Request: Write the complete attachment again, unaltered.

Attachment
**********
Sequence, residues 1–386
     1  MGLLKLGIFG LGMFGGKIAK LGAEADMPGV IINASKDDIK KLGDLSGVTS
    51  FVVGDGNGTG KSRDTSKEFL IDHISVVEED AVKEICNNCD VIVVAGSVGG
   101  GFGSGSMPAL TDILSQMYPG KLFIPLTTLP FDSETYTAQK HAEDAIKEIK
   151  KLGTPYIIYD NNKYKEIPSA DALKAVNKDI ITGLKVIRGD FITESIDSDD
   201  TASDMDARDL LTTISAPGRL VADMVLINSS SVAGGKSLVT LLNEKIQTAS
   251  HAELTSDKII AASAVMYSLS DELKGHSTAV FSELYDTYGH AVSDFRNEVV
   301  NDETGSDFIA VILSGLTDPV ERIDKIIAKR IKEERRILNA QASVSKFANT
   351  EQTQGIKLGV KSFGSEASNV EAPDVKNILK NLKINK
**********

Sequence, residues 1–386
     1  MGLLKLGIFG LGMFGGKIAK LGAEADMPGV IINASKDDIK KLGDLSGVTS
    51  FVVGDGNGTG KSRDTSKEFL IDHISVVEED AVKEICNNCD VIVVAGSVGG
   101  GFGSGSMPAL TDILSQMYPG KLFIPLTTLP FDSETYTAQK HAEDAIKEIK
   151  KLGTPYIIYD NNKYKEIPSA DALKAVNKDI ITGLKVIRGD FITESIDSDD
   201  TASDMDARDL LTTISAPGRL VADMVLINSS SVAGGKSLVT LLNEKIQTAS
   251  HAELTSDKII AASAVMYSLS DELKGHSTAV FSELYDTYGH AVSDFRNEVV
   301  NDETGSDFIA VILSGLTDPV ERIDKIIAKR IKEERRILNA QASVSKFANT
   351  EQTQGIKLGV KSFGSEASNV EAPDVKNILK NLKINK